top of page

5 Network Security Tips Every Small Business Should Consider

Staying on top of IT security best practices is tough to do. It seems like every month, a new vulnerability that could potentially affect your business comes out. To make matters worse, cloud computing and network services may be backing your data up to servers around the globe. With increasing complexity comes ever-higher security risks.

While there's no single "silver bullet" for securing your network, there are a number of things you should do regularly to ensure that your sensitive data stays safe and secure behind your firewall.

These are our top business IT security tips for December 2017.

1: Prioritize Sensitive Data

An unfortunate reality in the world of data security is that, with growing systems complexity and cloud services, there is more potential for breaches than ever before.

Some experts argue that data leaks and breaches are actually inevitable.

Following their logic, the solution is to prioritize data security based on the potential cost of its compromise.

Calculating the risk associated with leaking data is relatively simple. The difficult part is setting up your data logistics to protect the most sensitive data. That's where a solid data compartmentalization strategy comes in.

2: Data Access Levels: Walls Behind the Firewall

A network breach is, without a doubt, a worst-case scenario. There is a lot you can do, however, to minimize the damage of a potential breach.

If you think of your internal network as a building, a breach is dangerous because the malicious party (like a burglar) has gotten into the building. An easy way to access the building is to find an easy entry point (vulnerability) just to get in. Once inside, the burglar can make her way to the valuable data.

The dangerous difference between a physical burglary and a data breach is the fact that unauthorized access to your network isn't always obvious. From within your network, an intruder can potentially leak data silently for weeks or months.

With this analogy, think of internal access levels as putting your sensitive data inside a vault. This protects your most sensitive data in the case of a network breach. This data should only be available to those who need it, and accessing it must require multiple forms of authentication and decoding (read on!)

3: Multi-Factor Authentication

You're probably familiar with two-factor authentication. It's the process of using two identifiers to pass a firewall. These two factors could be a username/password combination and an authentication code sent to a unique email address or cell phone with a text message.

Additional authentication factors are now available, like biometric readings, fingerprint detection, and even facial recognition software.

While it's hugely effective for protecting sensitive data, internal work functions and flow sometimes suffer from slowdowns associated with constantly passing multiple-factor authentication checkpoints. This results in workarounds or abandonment of authentication procedures, which sacrifices all of the benefits.

A great practical solution to this issue ties in with the previously discussed ideas of prioritizing sensitive data and creating data access levels: Enforce multi-factor authentication only for the most sensitive data. This enables your staff to do day-to-day tasks working with less sensitive data without going through all the authentication hoops. When more sensitive data is needed, require the extra authentication levels. This is a fantastic compromise that works well for many.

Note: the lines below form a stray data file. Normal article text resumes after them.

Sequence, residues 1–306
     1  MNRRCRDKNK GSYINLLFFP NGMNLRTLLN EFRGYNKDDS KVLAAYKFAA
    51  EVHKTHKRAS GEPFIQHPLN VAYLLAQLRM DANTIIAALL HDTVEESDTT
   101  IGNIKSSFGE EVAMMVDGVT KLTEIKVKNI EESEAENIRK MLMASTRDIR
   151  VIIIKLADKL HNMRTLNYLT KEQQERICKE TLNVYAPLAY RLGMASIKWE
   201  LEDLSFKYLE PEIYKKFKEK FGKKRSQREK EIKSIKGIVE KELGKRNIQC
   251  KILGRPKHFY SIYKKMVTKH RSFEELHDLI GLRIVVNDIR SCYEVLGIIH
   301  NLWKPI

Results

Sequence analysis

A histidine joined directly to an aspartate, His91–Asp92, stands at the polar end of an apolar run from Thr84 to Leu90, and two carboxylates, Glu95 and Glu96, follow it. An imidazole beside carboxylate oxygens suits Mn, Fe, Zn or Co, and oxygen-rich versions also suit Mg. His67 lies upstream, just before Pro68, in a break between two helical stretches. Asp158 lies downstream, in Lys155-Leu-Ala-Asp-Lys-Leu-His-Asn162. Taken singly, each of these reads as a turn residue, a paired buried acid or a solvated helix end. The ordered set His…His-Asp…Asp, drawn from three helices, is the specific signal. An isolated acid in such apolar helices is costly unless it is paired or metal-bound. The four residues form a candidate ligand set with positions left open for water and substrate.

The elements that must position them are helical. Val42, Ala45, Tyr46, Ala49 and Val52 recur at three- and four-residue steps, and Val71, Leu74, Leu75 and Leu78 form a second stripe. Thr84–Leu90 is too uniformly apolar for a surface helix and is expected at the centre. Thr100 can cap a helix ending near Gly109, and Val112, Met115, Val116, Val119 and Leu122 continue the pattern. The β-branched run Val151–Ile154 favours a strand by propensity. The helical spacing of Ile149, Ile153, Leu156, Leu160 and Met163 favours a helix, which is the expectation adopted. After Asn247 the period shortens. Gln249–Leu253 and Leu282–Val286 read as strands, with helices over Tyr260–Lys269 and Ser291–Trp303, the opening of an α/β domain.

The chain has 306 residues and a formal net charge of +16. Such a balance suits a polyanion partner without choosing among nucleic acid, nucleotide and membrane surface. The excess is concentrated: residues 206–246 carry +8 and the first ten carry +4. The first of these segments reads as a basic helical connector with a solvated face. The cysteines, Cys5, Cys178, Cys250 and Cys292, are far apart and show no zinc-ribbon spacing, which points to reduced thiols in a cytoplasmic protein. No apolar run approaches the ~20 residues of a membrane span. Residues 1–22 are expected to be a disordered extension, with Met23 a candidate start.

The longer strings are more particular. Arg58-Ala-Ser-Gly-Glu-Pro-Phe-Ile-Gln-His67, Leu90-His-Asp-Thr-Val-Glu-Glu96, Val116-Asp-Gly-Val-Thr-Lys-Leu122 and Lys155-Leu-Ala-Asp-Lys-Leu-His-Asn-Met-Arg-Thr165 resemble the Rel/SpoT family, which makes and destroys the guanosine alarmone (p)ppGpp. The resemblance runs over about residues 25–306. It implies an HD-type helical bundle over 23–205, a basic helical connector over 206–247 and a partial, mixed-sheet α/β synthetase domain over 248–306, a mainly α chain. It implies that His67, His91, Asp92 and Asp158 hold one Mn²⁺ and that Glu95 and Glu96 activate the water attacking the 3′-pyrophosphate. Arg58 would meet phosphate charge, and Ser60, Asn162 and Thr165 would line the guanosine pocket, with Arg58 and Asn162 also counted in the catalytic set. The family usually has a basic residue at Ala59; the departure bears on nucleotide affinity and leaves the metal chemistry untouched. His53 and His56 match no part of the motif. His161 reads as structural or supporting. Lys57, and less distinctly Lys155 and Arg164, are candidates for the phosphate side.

4: Encrypt Top-Priority Data

Encryption is the best measure you can take to secure your sensitive data. However, it can be inconvenient and requires a bit of technical knowledge to put into proper use.

Take the time to encrypt your highest security priority data and make sure that any copies of that data on your cloud network are encrypted.

Protect your encryption keys! When you rely on encryption for IT security, the encryption keys become as important as the data itself. Make sure the keys go only to those who need to decode the sensitive data, along with a clear briefing on the level of care with which the keys must be handled.

5: Ditch the Memo

It's a good idea to write an internal memo about IT security every month and send it to out to your staff. The value of this monthly habit is that it allows you to dedicate some time to focus on IT security, do some research and talk with your IT staff about recent security developments.

Beyond that, the monthly security memo is supposed to help keep the staff on board with initiatives, strategies, and policy updates. The problem here is that the memo is likely to be ignored, or very lightly skimmed, by a lot of employees. Especially when important changes or updates are made, this simply won't do.

Work instead on distributing important IT security updates with a trickle-down security meeting schedule. Plan to meet regularly with leadership and network security experts. Leadership meets with middle management for a focused discussion, and team leaders, in turn, meet with their staffs to talk about this information. This ensures that the concepts reach receptive ears, and provides the added benefit of generating discussions about issues and policy updates. This opens an additional channel for internal feedback around IT security issues.


The most important thing about IT security today is understanding and managing the risks of data vulnerabilities.

Take the time to handle these risks with the above advice, and you can rest assured that your most sensitive information is protected.

For additional IT security support, contact us! At IronLogix we are experts in the field and are happy to discuss your network security concerns with you.

bottom of page